How ridiculous these things look when written down! How ridiculous and often disgusting the doing of them seems when considered dispassionately! Yet they're the common stuff of lovemaking: often of the regular lovemaking between male and female. How on earth, or in heaven, can such happiness be wicked?

*             *             *

Afterwards, we lay and talked. He was perfectly at ease, showing none of the sheepishness or shamefacedness that too often follows a coming. My head was turned towards him: I felt I couldn't look at him long enough. Here, unreasoning romanticism was telling me, is the perfect love; but reason kept repeating: It's impossible, it's impossible. . . .

He spoke a serviceable orphanage-English; and I tried to lead him to talk about himself. But he was quickly worrying about the lateness of the afternoon; he had calls to make with his collecting book, he had to be back at the orphanage; he had time only for one question, and he kept harking back to it: "You take me with you?" was the theme. "Yes—yes? You take me to Kashmir, to Burma, to Japan to England?" (Oh God! How often have I heard this heartbreaking plea?) He would come to see me tomorrow, he said, at the same time; and I stretched over and stroked his sable head—I was dumb with happiness: I knew I couldn't take him with me, but I swore to myself then that somehow I should look after him—that by some miracle we should find a solution. We should talk it all over tomorrow; that evening I had to leave.

While he was dressing he began telling me about the massacres of recent weeks how the streets were red with blood and strewn with the dead bodies of Hindus and Sikhs—there wasn't a Sikh left in Lahore, he said, now that all who hadn't been murdered had escaped across the new frontier to Amritsar in India. Except, he added, a few Sikhs who were in hiding, in disguise. And suddenly he stopped in the middle of doing up a sandal, and looked at me.

"I Sikh," he said. "I too Sikh."

"You a Sikh? But how can you be—where's your long hair and your iron bangle? What about those special drawers the Sikhs wear?"

He had cut off his hair, he said; he'd buried the ritual bangle and dagger and drawers; he was in disguise. . . . He stood up, ready to go, the exercise-book and doctor's bag under his thin arm; he gave me no time to say anything more. I fumbled with money: "No, no," he said, "they find it maybe, they say I stolen. . . . Tomorrow, or next day when you take me away. . . ."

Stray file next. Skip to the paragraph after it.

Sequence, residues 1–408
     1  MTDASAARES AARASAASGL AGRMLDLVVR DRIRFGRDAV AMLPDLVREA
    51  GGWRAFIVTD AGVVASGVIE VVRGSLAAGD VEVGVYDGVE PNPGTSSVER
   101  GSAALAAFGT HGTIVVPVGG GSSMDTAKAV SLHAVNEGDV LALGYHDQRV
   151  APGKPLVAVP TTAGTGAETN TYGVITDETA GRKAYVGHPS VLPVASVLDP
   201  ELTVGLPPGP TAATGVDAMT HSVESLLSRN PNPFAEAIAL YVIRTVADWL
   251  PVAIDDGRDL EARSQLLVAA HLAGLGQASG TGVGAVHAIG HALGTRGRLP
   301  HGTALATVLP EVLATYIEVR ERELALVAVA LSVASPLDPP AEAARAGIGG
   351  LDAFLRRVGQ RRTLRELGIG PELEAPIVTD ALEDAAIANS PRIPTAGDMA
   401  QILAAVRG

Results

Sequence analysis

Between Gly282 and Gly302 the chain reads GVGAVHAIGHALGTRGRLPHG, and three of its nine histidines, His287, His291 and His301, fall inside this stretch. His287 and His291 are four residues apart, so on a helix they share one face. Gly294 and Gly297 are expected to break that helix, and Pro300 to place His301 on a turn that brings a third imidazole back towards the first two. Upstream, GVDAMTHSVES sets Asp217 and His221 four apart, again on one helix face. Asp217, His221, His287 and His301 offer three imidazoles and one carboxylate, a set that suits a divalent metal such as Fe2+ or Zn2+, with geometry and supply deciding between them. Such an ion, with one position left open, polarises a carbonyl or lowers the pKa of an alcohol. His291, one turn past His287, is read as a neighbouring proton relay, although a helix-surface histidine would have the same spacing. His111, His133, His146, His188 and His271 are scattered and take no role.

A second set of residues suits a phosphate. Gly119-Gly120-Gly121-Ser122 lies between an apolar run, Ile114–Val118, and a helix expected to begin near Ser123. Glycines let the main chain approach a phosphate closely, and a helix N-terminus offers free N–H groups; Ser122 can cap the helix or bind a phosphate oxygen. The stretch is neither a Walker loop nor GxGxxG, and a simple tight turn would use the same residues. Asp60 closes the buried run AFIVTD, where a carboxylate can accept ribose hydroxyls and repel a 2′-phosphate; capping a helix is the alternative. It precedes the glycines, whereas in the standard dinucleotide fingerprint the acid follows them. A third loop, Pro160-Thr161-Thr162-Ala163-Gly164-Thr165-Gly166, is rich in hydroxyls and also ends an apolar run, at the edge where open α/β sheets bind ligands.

I could hear the bearers and cleaners starting on their evening business, the sound of water and the clanking of tin baths. It was late. "I go," he said, and looked at me once more: behind the flicker of sadness in the smile there seemed to me too (perhaps I was imagining things) an anxiety and a need. . . .

He was out on the sun-baked gravel—against its dusty yellow glare the olive-honey of his calves turned dark. He looked back once over his shoulder and said softly "Tomorrow, tomorrow. . . ." As he walked away the tail of his shirt drooped absurdly over his tiny rump.

*             *             *

Common sense, and the fact that life in the city was almost back to normal, told me there was scarcely the smallest risk: the slaughter was over, the blood was dry. Pakistan had "won": the Moslems had killed as many Hindus as they had been able and had exterminated the people they hated most, the Sikhs. Surely a boy, looking little different from hundreds of Moslem boys, and with nothing—in his shirt and shorts— to mark him as non-Moslem, couldn't be in danger? Even if the killing were still going on, which it wasn't, nobody could notice this small anonymous creature. . . . And yet he was a Sikh. . . . That was the dreadful fact that kept intruding into common sense's comfortable argument. But there was nothing I could do to help settle it, beyond turning to the whisky bottle I wisely had brought to my room, and longing for tomorrow to come.

                       Lahore 1946

Next morning I had work: government people to see, calls to make, a cable to send. But I worked skin-deep: instead of politics and the latest news I could think only of Sikhs—of one small Sikh whose stainless tender body and sweet, puzzling face filled my mind. When I looked at the bland, wary expressions of the bureaucrats or shook the plump and expository hands of the politicians, I saw instead the boy's face and it was his satin skin that my fingers seemed to touch. The people I saw in the streets were blank figures, behind each of which I expected to find that slim small form in the skimpy shirt and shorts. I felt I was being carried through the morning in a bubble of rather agreeable fever from which, like vaguely seeing something blurred against the sun, I watched myself going through the motions of my work.